Ken has also heard buzz about the book. But he recalls a conversation he had with Robin Milner in 1994. Ken asked how long it would be before mathematical proof systems could automate the kind of correctness proofs for context-free grammars he was teaching in undergraduate intro theory courses. Milner replied to Ken’s surprise,
“About 50 years.”
Ken adds that one measure being discussed about chess cheating is asking players to explain the strategies they had during the games. That is to say, a computer analysis printout might be a “proof” of a move being best, but if you the human cannot explain the thinking, it’s not yours.
We understand proofs—short or long—by many mechanisms. Yes people do check them. Here are some of the methods that are used:
Read the proof: We do read proofs. We do check them. Some proofs, even of open problems, can be checked very quickly. David Barrington’s beautiful result on bounded-width computation comes to mind. I heard about the proof by phone, and was quickly able to see that it was correct.
Explain the proof: We often explain the proof to others. This can be in a class, in a seminar, or in writing. The ability to explain the proof is one of the best ways I believe to be really sure that one understands the proof. I cannot count the number of times that I thought I had proved something, only to discover on explaining it to a colleague that my “proof” was wrong.
The world expert on explaining proofs is perhaps Terry Tao. In his blog and more in his excellent books he has the ability to explain the most complex theorems in ways that lay bare the critical insights. His approach is the exact opposite of that of “perfect proofs.” A typical explanation of his might go like: The general case is really not much different than the case where so we will assume that. Then we note that
Here is an example of this by Voevodsky himself on his own work.
Find a new proof: We often find new proofs of a theorem. The new proof can give additional insight in why the result is correct. Note this is not the same as checking the tally of the numbers again. A new proof to be “new” must prove the result in a substantially new way. The famous Quadratic Residue Theorem is a perfect example of this. Carl Gauss first proved it, but later published six proofs and two more were found after he died in his papers. Today there are over 200 published proofs, according to our friends at Wikipedia.
Use the proof: This means to actually use the theorem proved to do something. A simple example is Fermat’s Little Theorem. Recall this says that
for all primes and all relatively prime to . This theorem is used millions of times per day by the famous RSA encryption method. If there was some problem with the Fermat’s Theorem companies on the Internet using RSA would get grabbled messages. Since they do not, this is nice evidence that it really works
Use the theorem: We check theorems best, in my opinion, by using them to prove other results. As a theorem gets used more and more it is really being checked. I think that this is one of the best tests that it is correct. Who would doubt the Fundamental Theorem Of Arithmetic—the integers have unique factorization—now after countless applications?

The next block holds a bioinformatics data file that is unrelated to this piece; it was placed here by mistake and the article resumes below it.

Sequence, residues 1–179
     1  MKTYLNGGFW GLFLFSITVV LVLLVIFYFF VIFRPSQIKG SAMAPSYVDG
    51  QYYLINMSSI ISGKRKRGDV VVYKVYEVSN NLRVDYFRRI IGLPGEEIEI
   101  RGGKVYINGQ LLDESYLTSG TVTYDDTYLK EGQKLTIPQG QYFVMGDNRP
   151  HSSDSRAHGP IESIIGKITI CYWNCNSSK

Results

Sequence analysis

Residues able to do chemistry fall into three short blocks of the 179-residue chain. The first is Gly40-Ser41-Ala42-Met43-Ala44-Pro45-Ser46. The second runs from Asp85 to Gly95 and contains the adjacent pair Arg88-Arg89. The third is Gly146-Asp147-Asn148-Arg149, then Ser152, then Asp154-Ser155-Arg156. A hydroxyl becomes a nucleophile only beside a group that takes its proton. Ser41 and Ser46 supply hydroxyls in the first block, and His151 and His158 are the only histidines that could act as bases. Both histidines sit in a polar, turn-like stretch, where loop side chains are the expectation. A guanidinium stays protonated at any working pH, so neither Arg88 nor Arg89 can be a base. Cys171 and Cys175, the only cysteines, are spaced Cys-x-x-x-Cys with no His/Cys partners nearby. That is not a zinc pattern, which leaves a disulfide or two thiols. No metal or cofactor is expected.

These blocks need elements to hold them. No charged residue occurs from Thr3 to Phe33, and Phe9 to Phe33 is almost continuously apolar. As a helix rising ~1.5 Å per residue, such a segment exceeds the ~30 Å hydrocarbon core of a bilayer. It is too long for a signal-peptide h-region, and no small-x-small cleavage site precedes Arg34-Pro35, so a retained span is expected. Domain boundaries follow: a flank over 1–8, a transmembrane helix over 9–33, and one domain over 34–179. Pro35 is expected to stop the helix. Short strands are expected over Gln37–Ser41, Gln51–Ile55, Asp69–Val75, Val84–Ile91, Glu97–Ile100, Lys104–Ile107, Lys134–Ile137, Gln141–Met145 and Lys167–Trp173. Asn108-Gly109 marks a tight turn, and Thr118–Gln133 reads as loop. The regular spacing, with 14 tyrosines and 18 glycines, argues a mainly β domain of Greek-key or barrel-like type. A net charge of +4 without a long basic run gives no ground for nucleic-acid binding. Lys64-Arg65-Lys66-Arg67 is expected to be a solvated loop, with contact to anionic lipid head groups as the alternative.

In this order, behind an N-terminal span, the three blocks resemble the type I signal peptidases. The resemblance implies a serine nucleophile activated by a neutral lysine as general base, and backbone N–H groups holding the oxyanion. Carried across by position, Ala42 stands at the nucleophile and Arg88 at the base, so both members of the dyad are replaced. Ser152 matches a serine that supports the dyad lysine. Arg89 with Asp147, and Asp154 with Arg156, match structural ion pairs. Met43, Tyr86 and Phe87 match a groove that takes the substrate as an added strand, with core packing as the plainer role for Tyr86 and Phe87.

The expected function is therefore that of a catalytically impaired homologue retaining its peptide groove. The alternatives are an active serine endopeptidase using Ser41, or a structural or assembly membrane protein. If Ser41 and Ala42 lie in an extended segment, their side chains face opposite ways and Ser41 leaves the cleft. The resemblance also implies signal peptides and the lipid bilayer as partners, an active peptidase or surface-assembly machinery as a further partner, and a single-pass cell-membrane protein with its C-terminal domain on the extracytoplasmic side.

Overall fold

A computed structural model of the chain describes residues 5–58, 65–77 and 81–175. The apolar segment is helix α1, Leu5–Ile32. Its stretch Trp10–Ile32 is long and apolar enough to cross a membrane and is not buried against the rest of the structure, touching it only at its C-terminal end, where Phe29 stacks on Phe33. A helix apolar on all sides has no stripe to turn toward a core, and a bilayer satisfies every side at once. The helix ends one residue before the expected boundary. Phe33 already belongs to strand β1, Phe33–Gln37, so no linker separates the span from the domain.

Extend the theorem: We also check theorems by extending them. Fermat’s Little Theorem is extended to
for all and all relatively prime to , where is Leonhard Euler’s function. Even this could be further extended to
where is the Carmichael function—see here. More on Robert Carmichael, the inventor of this function, in a discussion I am working on right now.
Use the proof methods to prove new theorems: We also check proofs by using them methods in them to prove new theorems. One of the deepest examples of this might be Andrew Wiles 1995 proof of Fermat’s Last Theorem. He proved the so-called modularity theorem for semistable elliptic curves. Later in 1998 the full modularity theorem was proven by Christophe Breuil, Brian Conrad, Fred Diamond, and Richard Taylor. It used and built on the methods found in Wiles’ original proof. See here for details.
Here are the movies that were embedded by title or quote into our July 4th post—it is possible there were some we didn’t notice.
- “Liars” quote from The Oxford Murders;
- “Handle the truth” quote from A Few Good Men;
- Lost in Translation;
- Nobody’s Perfect;
- Double Trouble;
- Triple Trouble;
- The 39 Steps;
- The Right Stuff;
- There’s Something About Mary;
- The Statement;
- Only the Strong;
- In the Line of Fire;
- “Que Será, Será” quote from The Man Who Knew Too Much;
- Nothing in Common;
- The New World;
- Rules of Engagement;
- The World is Not Enough;
- Over the Top;
- Easy Living;
- Nowhere to Hide;
- Anything Else;
- The Delta Force;
- The Power of One;
- Big Fish;
- “Need for Speed” quote from Top Gun;
- Rear Window;
- How Stella Got Her Groove Back;
- “Badges” quote from The Treasure of the Sierra Madre (rather than from Blazing Saddles);
- Friday After Next.
Ken and I hope you liked the movie game.
For proofs a very neat page to read is this. It contains a history of some famous “proofs”: some were incomplete, some were fixed later, and some were just plain incorrect. What does this say about “what is a proof”?